representative for wind resource assessment as they are located in low wind areas, close
     to facilities or natural barriers that do not allow plausible wind speed measurement.
     Measurements at these sites are recorded by hand registration in a log book, normally
     four times per day. Also, most of stations are equipped with old equipment (drag plates,
     heavy rotating anemometers, etc.). For this reason most of this data can not be used as
     indicator of reliable resource data. The latter fact was also indicated in most of wind
     studies. Any wind farm development project will require conducting new wind
     measurement programs.

     Complex Terrain. Most of the windy sites in Armenia are located at complex mountainous
     areas or ridges, also with complex geology. This imposes difficulties in transporting wind
     turbine components as well as significantly increases the construction costs.

         6.2     PERSPECTIVE SITES

     In this respect, of those 35 areas only a few with strong wind regime (most validated
     through measurements), available infrastructure and land, closeness to the grid and out of
     protected areas can be considered as the most perspective ones. The total capacity of
     those sites is over 500 MW with annual generation potential of over 1 billion kWh. The
     perspective areas are indicated on the map below. One should expect construction of
     wind farms most probably at these sites in coming 15-20 years.

                                                                                                    6-3
                      Wind Energy in Armenia: Overview of Potential and Development Perspectives.   March 2010
Development perspectives. continued...

     Topographic areas for six high potential wind power plants

                  KP

                                PP

                                          NS

                                               F

                                                                             Z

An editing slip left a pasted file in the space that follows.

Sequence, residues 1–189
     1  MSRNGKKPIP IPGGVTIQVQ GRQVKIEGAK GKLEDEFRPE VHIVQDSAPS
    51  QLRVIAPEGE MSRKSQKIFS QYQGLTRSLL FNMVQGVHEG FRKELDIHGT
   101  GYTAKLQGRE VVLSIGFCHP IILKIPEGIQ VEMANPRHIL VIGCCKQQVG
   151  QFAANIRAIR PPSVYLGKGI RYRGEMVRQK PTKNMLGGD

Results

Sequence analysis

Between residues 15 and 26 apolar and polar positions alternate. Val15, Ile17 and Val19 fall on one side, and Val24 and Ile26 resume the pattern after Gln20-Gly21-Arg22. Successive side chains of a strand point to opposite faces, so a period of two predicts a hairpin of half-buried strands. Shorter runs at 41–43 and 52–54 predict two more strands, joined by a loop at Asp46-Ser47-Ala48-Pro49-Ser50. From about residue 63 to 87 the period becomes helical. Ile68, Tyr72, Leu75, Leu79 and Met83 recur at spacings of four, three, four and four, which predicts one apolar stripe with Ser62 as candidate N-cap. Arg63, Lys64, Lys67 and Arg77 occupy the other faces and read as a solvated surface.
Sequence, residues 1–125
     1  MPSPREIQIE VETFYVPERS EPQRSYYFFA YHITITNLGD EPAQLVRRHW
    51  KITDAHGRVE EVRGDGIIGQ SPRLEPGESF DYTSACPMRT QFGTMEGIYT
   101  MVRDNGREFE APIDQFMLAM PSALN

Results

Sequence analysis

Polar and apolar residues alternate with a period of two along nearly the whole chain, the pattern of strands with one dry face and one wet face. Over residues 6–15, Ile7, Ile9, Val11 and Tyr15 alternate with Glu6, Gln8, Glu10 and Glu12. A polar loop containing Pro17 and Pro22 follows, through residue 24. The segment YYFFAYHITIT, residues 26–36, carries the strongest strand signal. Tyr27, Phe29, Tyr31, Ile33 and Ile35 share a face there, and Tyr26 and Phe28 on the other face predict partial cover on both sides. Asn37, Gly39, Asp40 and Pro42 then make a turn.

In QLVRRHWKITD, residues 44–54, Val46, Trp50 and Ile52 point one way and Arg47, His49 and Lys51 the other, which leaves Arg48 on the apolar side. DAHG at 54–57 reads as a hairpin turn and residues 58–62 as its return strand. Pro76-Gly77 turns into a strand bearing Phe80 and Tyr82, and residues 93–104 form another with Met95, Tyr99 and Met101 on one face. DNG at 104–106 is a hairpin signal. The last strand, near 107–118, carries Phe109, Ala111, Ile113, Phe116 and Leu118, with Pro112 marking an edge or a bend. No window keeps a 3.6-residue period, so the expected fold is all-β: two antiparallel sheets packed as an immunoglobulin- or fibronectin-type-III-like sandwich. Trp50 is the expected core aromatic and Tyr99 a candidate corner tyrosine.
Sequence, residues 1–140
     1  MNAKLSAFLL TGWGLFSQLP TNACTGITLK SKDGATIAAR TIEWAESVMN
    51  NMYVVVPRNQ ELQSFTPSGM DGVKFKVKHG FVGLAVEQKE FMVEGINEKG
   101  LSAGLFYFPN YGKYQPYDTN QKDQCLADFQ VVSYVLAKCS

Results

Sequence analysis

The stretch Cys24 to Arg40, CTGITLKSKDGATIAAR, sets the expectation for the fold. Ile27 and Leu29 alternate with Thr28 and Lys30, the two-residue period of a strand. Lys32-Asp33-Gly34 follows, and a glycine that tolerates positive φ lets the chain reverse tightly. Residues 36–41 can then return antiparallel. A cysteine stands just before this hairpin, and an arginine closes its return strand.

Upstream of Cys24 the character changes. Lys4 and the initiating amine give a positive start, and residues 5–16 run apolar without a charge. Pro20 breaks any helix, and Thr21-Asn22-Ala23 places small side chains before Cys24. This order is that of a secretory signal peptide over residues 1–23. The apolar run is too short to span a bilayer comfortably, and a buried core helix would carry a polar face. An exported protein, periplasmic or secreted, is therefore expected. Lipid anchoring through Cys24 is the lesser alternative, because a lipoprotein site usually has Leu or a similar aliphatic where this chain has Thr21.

SY

     These are six main areas with over 10 perspective sites. The total installed capacity at
     those sites is preliminarily assessed to be about 800 MW with annual generation potential
     of over 1.6 billion kWh.

           Conventional name             Installed           Projected                 Location and available
                                         capacity,          generation,                    infrastructure
                                           MW
                                                             kWh/year

     KARAKHACH PASS AREA

     1   North Karakhach                           80           160000000 16 km south-east of Ashotsk:

                                                                                                     6-4
                       Wind Energy in Armenia: Overview of Potential and Development Perspectives.   March 2010
Development perspectives. continued...

                                                                               -access roads in summer

                                                                               -about 12km from 110kV line

     2   Karakhach Pass                       100                              12 km north-east of
                                                                               Musayelyan:

                                                                               -access roads

                                                              245000000 -about 10km from 110kV line